Old Town, Wotton-under-Edge, Gloucestershire, GL12
The significance of the building lies in the fact that it occupies the early nineteenth-century engine house of a former cloth mill. It is a plain stone-built industrial vernacular building which makes a positive contribution to the local conservation area. It has been adapted to become a pleasing small church with a hall on the upper floor.
From about 1914 Wotton was served by Dominicans from Woodchester. However, shortly after the war it was decided that it was not practicable to serve the small congregation, and it was not until 1949 that Mass was again said here regularly, with the arrival of the Salvatorians from Thornbury (qv). They used the boys’ club but in 1953 the present church was established. The building, purchased at auction for £500, had been part of the Old Town cloth mill, built in 1817. This was originally water-powered but the water supply was unreliable and it was converted to steam in 1825 with a fifteen horsepower engine which serviced the whole factory. The church was created in what was called the Upper Room, previously used as the Liberal Club. The Diocese of Clifton provided £1,000 for its refurbishment. In August 1962 Mr R. W. Morley conveyed the property next door, 13 Old Town, to the church and this became the residence of the priest, who had formerly lived at Thornbury. The Upper Room became dilapidated and in 1982 it was decided to move the church downstairs with the upper floor being used for social and other events. The relocated church was blessed on 22 September of that year. Since the death of the last parish priest in 2010 the church has again been served by the Salvatorians of Thornbury.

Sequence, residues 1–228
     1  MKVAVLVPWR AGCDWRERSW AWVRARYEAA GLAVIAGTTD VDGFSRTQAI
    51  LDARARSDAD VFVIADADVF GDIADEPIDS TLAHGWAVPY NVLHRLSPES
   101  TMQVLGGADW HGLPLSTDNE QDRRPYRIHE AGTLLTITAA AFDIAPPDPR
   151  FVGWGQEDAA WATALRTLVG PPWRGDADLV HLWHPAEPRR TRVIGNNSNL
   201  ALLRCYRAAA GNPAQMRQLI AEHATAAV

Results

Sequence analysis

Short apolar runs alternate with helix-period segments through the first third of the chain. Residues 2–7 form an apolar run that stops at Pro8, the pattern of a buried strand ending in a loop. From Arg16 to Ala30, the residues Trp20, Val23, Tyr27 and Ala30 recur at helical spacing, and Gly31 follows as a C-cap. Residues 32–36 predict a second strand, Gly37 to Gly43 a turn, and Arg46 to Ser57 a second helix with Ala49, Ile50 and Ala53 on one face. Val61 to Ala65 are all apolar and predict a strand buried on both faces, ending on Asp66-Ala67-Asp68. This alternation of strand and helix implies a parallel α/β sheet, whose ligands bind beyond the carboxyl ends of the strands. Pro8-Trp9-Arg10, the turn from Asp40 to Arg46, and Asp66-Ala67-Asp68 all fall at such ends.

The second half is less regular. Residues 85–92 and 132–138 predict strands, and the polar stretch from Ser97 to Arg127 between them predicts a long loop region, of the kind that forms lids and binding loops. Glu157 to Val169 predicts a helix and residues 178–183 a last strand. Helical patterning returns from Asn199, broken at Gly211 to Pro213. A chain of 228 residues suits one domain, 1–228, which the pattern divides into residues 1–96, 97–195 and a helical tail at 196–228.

The church occupies the ground floor of the former engine house of the Old Town cloth mill. The limestone rubble building is plain, of three storeys and with a hipped slate roof. The window openings on the front elevation have segmental heads with keystones, and have been re-glazed with hardwood framed windows with diamond leaded quarries. The scar of the former external covered staircase can be seen on the side elevation. The entrance is set back on this side in a modern range with a steep slate roof and hardwood doors.
The interior is plain but welcoming in character. It has plastered side walls and exposed rubble stone walls at the ends. There are three large cased-in beams, and a carpet-tiled floor. There are no fittings or furnishings that require particular mention.
Dwellings, formerly mill. Dated 1817 (date stone badly worn). Rubble, stone slate roof. Lofty structure, in part parallel ranges with valley gutters. Three storeys, five-windowed; casements under segmental stone arches with projecting keystones.
Listing NGR: ST7582493401
Architect: Not established
Original Date: 1817
Conservation Area: Yes
Listed Grade: Grade II